Tornado recovery aid deadline near
Homeowners must apply for free help with rebuilding by Aug. 1.
Southern Ohio District Brethren Disaster Ministries volunteer Nan Hottle replaces siding on a house on Troy Street that was damaged by the 2019 Memorial Day tornado.
By Chris Stewart
Staff Writer

DAYTON — Time is running out for homeowners whose properties were damaged by the 2019 Memorial Day tornadoes to get free assistance with rebuilding or repairs not covered by insurance.

Property owners may be eligible for help from the Miami Valley Long Term Recovery Operations Group, but the deadline to apply is Aug. 1.

“We have teams and we have resources that we are deploying now. For us to do that effectively, we really need to understand the universe of work that still needs to be done in order to help the region recover,” said Laura Mercer, the group’s executive director. “We’ve established this deadline … so we can properly allocate resources and schedule work.”

People can call United Way’s Helplink number at 2-1-1 before the deadline to see if they are eligible to enter the disaster case management system and connect with a disaster recovery case manager. Individuals can also call 937-225-3000.

The disaster case management system has taken in 1,283 total cases to meet needs small to great. Of the 394 open cases, 213 are homeowners, of which 147 — or 69% — still require assistance with home repair and reconstruction.

More than a year after the storm, the helpline fielded 111 calls from mid-May through Wednesday, a number that demonstrates people are still in need, Mercer said.

Since the tornadoes, the value of donated material goods, food, shelter, volunteer hours and financial support aiding the recovery is more than $10 million, according to the recovery group.

A vast majority — 95% — of the cases came from Montgomery County households where a record night of tornadoes caused the most destruction and where many people had needs before the storm, said Mercer.

The handful of remaining cases are from Greene, Mercer and Miami counties.

“Montgomery County got hit the hardest in terms of the direct path, and then some of it is just income level,” she said.

Mercer said the coronavirus pandemic put travel on hold for some out-of-state volunteer groups and added additional constraints for those now on the ground.

“They’re not sharing tools,” she said. “There are all sorts of precautions that we’re having to take because of COVID that we wouldn’t be in normal circumstances.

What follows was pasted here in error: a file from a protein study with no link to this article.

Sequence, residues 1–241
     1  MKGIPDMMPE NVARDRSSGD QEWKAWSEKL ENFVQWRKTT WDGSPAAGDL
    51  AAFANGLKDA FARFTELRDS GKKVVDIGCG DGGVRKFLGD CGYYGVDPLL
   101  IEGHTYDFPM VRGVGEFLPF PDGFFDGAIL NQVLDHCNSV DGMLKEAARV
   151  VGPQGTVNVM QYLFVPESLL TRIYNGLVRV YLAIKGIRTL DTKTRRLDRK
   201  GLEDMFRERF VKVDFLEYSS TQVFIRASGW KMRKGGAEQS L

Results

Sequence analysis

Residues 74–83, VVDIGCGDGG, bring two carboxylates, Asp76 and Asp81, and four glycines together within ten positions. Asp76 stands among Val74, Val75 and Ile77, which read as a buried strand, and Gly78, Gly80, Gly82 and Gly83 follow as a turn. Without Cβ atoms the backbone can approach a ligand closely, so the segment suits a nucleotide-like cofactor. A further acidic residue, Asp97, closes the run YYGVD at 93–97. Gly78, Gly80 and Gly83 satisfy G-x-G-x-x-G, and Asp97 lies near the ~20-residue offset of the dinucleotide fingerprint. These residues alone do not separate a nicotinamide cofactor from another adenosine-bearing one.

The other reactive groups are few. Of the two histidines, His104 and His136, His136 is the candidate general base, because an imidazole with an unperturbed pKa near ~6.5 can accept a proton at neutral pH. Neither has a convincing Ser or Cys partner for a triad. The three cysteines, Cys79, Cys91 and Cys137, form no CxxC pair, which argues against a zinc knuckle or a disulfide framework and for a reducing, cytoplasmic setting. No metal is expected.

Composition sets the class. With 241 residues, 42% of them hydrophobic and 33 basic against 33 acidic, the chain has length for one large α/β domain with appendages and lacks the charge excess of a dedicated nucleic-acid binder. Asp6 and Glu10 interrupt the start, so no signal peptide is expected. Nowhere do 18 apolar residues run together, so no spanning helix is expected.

So that’s probably made work a little more uncomfortable.”

Despite the pandemic, Brethren Disaster Ministries pulled into town earlier this week with tool trailers and regional volunteers to tackle larger projects — starting work Monday on a two-story house on Valley Street in Dayton.

The Brethren group is expected to be in the region for as long as two years, working mainly in Old North Dayton and Harrison Twp., Mercer said. The group also wheeled a housing trailer and shower trailer into town from out of state.

The recovery operations group set up the former Memorial Presbyterian Church on Smithville Road to house the Brethren volunteers. Due to the pandemic, they have yet to overnight there but are meeting at the church to coordinate construction and get daily temperature checks, Mercer said.

The recovery group’s construction manager will be in the field with Mennonite Disaster Services to review jobs in Trotwood, where that national volunteer group will spend a year or more on rebuilding efforts.

But smaller out-of-state volunteer groups expected to cycle in this summer for a week or two have been delayed, Mercer said.

“We’re okay if they wait until fall,” she said. “We’ve been able to leverage contractors and we’ve been focusing only on external work to minimize exposure.”

Montgomery County homeowners impacted by tornado damage have another deadline looming to apply for property tax relief.

The county is taking applications until Aug. 23 to file a complaint with the Board of Revision to be eligible for a partial refund in the property taxes they pay this year, according to Montgomery County Auditor Karl Keith. The deadline was extended due to the coronavirus pandemic.